In the end of 2010 I started tracking all of my nutrition, daily calorie burning, and moods full time. Years of doing it off and on during 12-week fitness challenges, weight loss periods, et cetera prepared me well for this process and made it second nature. Now it’s coming up on the end of 2016 and I have pretty much everything I’ve eaten, my daily calorie burn estimates, and my moods tracked for several years. The problem is that the platform I had tracked it in, FitDay, is all but defunct. How will I resurrect that data?
When starting off on this alternate day fasting experiment, I was expecting fasting days to be brutally difficult. I’m a person that often can’t go more than a couple hours without putting some kind of food in my mouth. It’s like a reflex. When I’m being healthy it may be carrots, cucumbers, grape tomatoes, or other healthy food. When I’m not, it’s mini-candy bars, pretzels, candy, and other sweets. Breaking that cycle was one of the main things I’m trying to accomplish with the alternate day fasting experiment. While there is a longing for indulging those impulses I’m not feeling true hunger, but when was I ever really?
I’ve been fixated on fasting a lot over the past year. This isn’t some starvation diet fixation, although it can be used for losing weight too as I am about to lay out. This is on the potential health benefits of doing moderate fasting, intermittent up to a few days, for things like cutting cancer or diabetes risk. A month ago I ended my “exercise only” diet experiment with good results on changes in body composition and biomarkers. Unfortunately the intervening month I didn’t continue the plan at all so I backtracked a little . Wanting to try to jump start things again I’m looking at doing an experiment that ties in fasting as a regular protocol.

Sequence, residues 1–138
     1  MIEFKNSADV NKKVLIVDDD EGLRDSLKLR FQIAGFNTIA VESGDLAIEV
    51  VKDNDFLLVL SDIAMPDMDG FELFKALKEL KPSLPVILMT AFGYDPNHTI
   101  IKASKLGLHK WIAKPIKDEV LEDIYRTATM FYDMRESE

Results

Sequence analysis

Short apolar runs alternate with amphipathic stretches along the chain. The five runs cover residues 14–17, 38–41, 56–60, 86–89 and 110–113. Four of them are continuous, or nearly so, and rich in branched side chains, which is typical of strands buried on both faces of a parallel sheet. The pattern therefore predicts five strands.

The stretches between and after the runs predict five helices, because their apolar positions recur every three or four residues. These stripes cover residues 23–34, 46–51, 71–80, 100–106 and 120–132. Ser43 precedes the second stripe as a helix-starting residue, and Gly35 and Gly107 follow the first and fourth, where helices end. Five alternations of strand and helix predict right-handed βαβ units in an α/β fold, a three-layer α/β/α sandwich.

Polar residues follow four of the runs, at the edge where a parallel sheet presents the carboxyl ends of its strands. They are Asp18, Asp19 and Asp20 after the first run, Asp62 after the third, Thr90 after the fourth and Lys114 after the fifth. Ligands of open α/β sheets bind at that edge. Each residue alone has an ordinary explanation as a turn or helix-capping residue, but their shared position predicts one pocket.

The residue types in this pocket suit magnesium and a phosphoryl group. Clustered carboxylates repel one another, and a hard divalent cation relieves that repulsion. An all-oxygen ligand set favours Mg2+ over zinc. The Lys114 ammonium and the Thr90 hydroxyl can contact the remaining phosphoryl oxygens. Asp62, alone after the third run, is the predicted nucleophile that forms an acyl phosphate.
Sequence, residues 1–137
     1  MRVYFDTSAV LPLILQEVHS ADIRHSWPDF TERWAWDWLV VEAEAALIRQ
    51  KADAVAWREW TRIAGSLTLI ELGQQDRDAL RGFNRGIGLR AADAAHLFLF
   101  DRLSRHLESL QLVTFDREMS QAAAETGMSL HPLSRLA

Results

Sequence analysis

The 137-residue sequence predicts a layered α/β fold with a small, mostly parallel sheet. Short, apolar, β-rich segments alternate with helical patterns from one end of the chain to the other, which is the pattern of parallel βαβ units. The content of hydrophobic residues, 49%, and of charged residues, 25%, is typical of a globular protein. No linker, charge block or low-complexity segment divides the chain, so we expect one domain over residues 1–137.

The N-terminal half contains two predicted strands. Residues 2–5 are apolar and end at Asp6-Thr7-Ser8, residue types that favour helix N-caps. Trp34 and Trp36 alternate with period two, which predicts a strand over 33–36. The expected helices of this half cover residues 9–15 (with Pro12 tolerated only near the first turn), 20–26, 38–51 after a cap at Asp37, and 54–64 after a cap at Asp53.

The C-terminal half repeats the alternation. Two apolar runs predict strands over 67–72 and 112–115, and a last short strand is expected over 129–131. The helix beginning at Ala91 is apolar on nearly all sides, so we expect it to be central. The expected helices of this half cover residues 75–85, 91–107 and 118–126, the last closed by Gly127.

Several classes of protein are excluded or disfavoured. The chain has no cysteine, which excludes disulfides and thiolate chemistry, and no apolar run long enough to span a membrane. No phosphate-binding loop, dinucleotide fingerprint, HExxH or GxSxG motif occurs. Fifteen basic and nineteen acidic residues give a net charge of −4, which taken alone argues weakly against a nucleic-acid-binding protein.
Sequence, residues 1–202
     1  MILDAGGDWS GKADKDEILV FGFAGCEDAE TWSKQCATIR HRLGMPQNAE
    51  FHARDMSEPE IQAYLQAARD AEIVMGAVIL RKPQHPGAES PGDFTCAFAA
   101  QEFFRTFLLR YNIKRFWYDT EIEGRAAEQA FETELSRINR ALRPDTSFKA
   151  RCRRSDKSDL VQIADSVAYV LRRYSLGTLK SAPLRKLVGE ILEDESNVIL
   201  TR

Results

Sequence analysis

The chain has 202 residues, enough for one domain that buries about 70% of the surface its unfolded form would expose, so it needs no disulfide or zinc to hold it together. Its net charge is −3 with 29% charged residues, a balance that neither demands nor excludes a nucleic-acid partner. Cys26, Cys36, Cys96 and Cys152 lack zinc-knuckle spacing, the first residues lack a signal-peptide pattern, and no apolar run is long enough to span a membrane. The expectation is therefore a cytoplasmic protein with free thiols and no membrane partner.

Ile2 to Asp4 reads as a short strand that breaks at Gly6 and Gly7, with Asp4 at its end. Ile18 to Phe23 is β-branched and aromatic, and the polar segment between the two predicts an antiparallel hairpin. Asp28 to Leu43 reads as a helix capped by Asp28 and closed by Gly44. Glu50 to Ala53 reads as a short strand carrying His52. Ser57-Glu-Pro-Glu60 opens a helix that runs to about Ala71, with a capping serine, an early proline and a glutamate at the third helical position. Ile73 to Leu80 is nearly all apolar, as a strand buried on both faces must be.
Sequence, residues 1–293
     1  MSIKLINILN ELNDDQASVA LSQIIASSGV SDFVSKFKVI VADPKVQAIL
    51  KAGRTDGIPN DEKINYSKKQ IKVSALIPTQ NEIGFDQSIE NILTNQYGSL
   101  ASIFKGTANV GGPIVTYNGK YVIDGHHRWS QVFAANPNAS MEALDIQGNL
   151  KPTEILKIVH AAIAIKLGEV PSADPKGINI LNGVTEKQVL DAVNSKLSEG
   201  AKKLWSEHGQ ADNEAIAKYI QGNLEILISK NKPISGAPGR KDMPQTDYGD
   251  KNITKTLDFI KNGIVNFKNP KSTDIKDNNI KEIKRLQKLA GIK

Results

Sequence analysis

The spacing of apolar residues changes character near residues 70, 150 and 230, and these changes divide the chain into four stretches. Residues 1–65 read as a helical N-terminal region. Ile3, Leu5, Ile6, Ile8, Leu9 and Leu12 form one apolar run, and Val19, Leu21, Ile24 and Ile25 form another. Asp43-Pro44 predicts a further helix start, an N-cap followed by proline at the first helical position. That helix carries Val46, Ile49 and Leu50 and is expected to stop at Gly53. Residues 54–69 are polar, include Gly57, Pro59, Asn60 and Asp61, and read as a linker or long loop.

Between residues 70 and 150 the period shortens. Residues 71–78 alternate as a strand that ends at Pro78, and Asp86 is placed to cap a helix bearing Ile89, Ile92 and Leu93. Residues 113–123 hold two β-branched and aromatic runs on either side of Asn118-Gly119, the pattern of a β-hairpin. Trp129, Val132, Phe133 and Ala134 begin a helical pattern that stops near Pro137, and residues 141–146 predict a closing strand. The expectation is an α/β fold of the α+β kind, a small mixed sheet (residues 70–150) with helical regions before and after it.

I’ve built up a lot of narrative in the past couple of years about why my body composition estimates went from being spot on to diverging rapidly. I presented the graph of my estimated body weight change against my actual in my 2014 recap.
I have had lots of theories but it seemed to correlate well with my marathon training starting up. I’ve been asking if I had “broken my metabolism” or if there may be something else going on. My weight loss from the 80/10/10 experiment exceeded my projections by several pounds as well. Maybe I had overcome inflammation that I had created. Or something to that effect.
Lots of narrative around the correlation, but was it really causation? This week I was looking at the projections of my weight gain over the past several months, planning for my weight loss tracking for this new experiment. I was pleased to see that I was spot on in my projections. Then it occurred to me, I hadn’t been updating my activity levels in my tracking software since November and I had really only been using my FitBit to track sleep most of the time in the September and October time frame where I had those inputs. So that means that I had taken the FitBit out of the equation and now everything was tracking great again. Could the obvious problem not have been inflammation or broken metabolisms but that the FitBit is chronically overestimating my calorie estimates?
In the summary article I lamented that the middle of 2013 was when the estimates started diverging. Guess when I bought the FitBit? middle of 2013. In the middle of all of that training as well. So was it the training or the FitBit? I’m going to investigate more to find out…
When I get into a fitness groove it is often a combination of diet and exercise that really happen at the same time. Even when doing a long stretch of “being healthy” it’s really the combination of the two. And when I do that I go into full Rambo mode on both, versus kind of muddling through. Because the two happen at the same time it is hard for me to break out whether it is one or the other or the combination that is really the driving factor. I’ve always wanted to see if it was diet or exercise that was driving that. I’m now set up to do just that.